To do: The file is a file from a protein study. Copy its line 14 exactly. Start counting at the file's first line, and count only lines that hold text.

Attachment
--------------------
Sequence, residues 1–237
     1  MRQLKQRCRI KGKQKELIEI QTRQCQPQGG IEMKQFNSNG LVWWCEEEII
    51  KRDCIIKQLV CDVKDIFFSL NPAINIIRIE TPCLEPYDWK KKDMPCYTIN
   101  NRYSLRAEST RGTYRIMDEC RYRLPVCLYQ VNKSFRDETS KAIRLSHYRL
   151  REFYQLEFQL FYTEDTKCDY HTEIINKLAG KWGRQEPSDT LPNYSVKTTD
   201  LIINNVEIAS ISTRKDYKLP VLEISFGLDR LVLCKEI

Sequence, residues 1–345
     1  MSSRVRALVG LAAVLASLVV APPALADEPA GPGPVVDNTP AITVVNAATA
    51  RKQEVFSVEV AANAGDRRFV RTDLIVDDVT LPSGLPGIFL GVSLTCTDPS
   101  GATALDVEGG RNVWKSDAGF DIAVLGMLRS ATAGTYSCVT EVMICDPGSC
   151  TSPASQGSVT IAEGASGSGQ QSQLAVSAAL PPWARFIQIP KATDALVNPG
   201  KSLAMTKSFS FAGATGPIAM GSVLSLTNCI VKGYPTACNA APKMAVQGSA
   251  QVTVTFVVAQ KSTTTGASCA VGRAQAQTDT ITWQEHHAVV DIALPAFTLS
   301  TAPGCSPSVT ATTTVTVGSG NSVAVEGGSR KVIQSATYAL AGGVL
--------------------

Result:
   301  TAPGCSPSVT ATTTVTVGSG NSVAVEGGSR KVIQSATYAL AGGVL